So far, Adhyayan has worked with 117 schools (that serve over 1.5 lac students) across various socio economic strata and reached schools in tribal, rural as well as conflict ridden zones. Improvement initiatives taken by schools range from small adjustments in classroom furniture (replacing benches with chairs to enable quick transitions between independent and group work) to larger initiatives like improving the teaching and learning process, increasing participation and ownership of students in the school’s functioning through student committees. Schools often take up projects to heighten students’ participation in decision making or incentives like commendation badges to promote constructive student involvement.

Kavita also leverages the network to build capacities within schools and uses the cross subsidy model to ensure that schools in the network with specific strengths assist others in developing the same. The program known as Adhyayan School Improvement Support and Training (ASIST)  trains  teachers and school leaders to be facilitators so that they roll out performance management, school leadership or teacher training initiatives and enables Adhyayan to ensure schools have the agency to walk the path of improvements without incurring unrealistic costs. Kavita envisions scaling the idea and taking ownership and “non – threatening environment” to a whole new level by taking the AQS platform online where best practices on each of the 162 statements are illustrated by videos and pictures. The schools would need to pay a minor fee for the platform to gain access and benchmark themselves at will calling for external validation from Adhyayan as when they deem necessary. Kavita plans to scale the idea to government schools using a PPP model whereby cluster officers and block education officers can be trained to work as validators. She has already taken her first few steps to gain access to the government machinery by thought partnering with the National University of Educational Planning and Administration (NUEPA) toward creating the process for Government school assessments.

Going forward Kavita envisages a revolution where schools are a collaborative community of peers and every school that desires to commit to quality can find access to it from within the network.




THE PERSON

As a post-graduate in counselling and education psychology, Kavita began her professional career at Aga Khan Education Services with the School Development Program and went onto being the Program Officer for education grants at Sir Ratan Tata Trust for the next seven years. It is in these early years that Kavita was exposed to multiple models, critiques of the schools system as well as some best practices.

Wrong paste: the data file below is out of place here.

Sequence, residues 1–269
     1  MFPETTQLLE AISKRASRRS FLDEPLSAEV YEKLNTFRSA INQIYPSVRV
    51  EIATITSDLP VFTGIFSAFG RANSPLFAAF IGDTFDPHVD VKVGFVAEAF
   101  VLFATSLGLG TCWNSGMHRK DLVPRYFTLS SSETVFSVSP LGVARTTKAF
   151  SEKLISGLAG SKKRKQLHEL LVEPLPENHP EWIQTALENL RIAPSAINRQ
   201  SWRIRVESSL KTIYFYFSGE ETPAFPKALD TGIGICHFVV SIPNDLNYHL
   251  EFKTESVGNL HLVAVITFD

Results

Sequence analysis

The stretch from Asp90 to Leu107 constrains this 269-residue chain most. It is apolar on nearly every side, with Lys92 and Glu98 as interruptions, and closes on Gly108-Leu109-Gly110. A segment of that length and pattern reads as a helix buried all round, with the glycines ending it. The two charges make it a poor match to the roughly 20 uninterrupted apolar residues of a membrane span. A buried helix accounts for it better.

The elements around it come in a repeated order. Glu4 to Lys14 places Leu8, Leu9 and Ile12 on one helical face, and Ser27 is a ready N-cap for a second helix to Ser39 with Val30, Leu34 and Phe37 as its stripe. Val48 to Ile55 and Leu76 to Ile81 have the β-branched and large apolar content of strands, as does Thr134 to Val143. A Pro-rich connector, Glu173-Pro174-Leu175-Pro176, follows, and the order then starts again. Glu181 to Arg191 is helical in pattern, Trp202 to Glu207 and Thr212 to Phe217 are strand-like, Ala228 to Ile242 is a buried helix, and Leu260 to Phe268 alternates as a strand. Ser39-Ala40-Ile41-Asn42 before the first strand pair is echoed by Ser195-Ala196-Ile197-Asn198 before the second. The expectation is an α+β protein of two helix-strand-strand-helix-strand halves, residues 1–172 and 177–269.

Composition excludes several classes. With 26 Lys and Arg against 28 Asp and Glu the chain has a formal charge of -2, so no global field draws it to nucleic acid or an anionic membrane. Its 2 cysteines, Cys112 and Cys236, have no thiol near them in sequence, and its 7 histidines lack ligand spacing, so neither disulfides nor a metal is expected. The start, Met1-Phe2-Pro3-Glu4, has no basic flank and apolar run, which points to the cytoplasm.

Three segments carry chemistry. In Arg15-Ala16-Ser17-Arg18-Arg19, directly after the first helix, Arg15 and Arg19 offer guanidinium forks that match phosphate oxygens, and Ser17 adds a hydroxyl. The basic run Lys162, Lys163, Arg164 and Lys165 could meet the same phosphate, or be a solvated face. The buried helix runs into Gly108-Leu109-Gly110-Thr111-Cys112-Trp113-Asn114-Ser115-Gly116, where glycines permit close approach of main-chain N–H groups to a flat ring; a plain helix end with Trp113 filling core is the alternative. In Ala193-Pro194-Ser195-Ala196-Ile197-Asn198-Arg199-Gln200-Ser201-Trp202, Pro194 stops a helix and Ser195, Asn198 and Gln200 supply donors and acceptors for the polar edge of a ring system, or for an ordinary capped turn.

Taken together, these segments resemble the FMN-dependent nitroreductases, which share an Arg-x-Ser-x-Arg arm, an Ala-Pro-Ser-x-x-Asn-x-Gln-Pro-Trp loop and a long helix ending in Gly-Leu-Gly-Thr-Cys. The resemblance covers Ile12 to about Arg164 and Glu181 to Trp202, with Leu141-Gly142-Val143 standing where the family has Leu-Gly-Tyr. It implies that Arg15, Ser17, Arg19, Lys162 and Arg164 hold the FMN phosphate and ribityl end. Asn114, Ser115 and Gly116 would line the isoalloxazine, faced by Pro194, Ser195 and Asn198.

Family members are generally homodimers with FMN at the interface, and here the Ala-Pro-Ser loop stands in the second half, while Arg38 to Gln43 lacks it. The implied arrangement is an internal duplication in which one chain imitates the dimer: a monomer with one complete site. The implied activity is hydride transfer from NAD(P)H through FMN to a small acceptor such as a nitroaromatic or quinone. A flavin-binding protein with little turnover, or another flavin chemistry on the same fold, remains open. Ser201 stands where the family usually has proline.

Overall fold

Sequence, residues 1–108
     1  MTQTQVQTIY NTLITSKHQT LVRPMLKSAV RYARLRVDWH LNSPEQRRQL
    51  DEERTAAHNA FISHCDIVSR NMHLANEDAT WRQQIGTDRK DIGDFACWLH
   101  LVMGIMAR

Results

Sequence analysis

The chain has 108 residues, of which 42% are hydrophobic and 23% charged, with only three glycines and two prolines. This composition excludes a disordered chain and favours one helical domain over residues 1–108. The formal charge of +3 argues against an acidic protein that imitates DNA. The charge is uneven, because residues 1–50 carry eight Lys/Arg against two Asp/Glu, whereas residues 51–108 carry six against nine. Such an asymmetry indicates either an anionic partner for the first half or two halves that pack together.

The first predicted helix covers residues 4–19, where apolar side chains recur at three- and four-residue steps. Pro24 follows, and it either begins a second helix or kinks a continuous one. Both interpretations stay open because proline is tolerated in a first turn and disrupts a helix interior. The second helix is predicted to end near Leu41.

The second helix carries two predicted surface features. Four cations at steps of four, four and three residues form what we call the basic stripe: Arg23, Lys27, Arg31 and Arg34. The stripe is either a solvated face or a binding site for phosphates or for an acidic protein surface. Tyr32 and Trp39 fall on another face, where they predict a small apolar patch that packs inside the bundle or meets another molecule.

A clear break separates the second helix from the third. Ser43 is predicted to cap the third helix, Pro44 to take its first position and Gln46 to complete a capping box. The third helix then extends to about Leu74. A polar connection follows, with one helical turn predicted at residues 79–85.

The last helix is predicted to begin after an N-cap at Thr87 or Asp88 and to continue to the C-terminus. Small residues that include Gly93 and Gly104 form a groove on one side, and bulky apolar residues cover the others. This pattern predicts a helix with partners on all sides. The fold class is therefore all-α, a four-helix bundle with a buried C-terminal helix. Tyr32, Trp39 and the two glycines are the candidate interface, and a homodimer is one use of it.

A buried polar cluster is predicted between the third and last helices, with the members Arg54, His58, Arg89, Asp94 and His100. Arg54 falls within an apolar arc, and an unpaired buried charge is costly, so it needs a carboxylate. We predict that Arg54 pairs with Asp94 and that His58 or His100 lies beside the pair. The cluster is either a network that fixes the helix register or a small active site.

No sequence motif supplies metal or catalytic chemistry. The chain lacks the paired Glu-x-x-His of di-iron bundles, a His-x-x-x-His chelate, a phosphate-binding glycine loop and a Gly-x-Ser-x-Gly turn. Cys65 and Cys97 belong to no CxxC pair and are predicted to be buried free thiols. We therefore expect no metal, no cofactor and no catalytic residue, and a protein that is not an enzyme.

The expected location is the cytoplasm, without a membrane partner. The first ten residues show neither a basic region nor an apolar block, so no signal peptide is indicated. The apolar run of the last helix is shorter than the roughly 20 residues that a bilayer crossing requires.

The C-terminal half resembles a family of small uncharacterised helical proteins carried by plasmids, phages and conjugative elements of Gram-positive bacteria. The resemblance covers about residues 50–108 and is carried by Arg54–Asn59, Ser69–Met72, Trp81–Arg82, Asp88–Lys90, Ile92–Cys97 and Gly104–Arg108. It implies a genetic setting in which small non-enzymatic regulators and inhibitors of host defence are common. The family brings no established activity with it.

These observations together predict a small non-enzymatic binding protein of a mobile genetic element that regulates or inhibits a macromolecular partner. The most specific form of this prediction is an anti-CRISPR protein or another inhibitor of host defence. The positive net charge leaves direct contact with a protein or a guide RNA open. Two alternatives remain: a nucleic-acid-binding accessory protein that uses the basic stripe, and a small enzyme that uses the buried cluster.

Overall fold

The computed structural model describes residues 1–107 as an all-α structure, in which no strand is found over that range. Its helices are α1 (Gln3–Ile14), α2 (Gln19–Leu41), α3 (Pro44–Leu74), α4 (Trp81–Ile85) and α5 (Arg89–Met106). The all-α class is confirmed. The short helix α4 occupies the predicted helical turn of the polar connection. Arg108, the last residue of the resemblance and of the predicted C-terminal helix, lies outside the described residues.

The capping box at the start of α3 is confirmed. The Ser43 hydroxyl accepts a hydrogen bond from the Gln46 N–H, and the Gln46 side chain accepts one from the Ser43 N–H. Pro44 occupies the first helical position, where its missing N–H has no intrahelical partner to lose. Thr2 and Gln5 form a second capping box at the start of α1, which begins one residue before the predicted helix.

Kavita became more acutely cognizant of the inadequacies of the existing system to deliver, when she became a mother and sought to educate her children. So she single handedly set up a playschool that practiced experiential, hands on explorations, for children between the ages of one and four, that was also intended as a demonstration unit for other schools.

In the year 2000, a member of the Savla Boarding of Matunga, contacted her to set up an exemplary English medium school for the children of the KVO Jain community. Kavita got the autonomy to autonomy to run the school as per her ideals. The school-Shishuvan set up in 2001 thrived under her leadership. She gave her creativity full play by conceiving a democracy curriculum, a mental health curriculum and instituting a student led governance of the school replete with ministries mirroring the State and Union Cabinet structures. Student ownership of the school created the climate for a similar parent ownership through the parent Sabha. Shishuvan was one of the first few schools to bring in student voice and autonomy as a concept to schools.

Large scale adoption of inventive and effective leadership and teaching methodologies had always been a key driver for Kavita. She set up Shishuvan as an open source platform where other schools could observe, learn and implement some of the pioneering practices. While she acknowledges that substantial “observation” took place, there was scarce translation of any of the learning into practice at educational institutions.

She recognized the gap between the knowledge of “what good looks like” and the ability of schools to chart a path to getting there.

It was around this time that, Kavita started working with, Spokey Wheeler, an international consultant at ARK (Absolute Return for Kids), to set up tribal schools in Jharkhand. Here, she had the opportunity to first notice the use of a rubric/metric that gave the teachers a common language and translated in amplified outcomes with respect to teacher competence.

An early adopter of imaginative processes, Kavita decided to pilot and fine tune the rubric within Shishuvan and used it as a tool to engineer her exit strategy seamlessly.

Kavita transitioned out of active leadership at Shishuvan in 2011 to establish Adhyayan with an objective to make the journey from knowledge to implementation of quality educational practices possible for all schools across the country.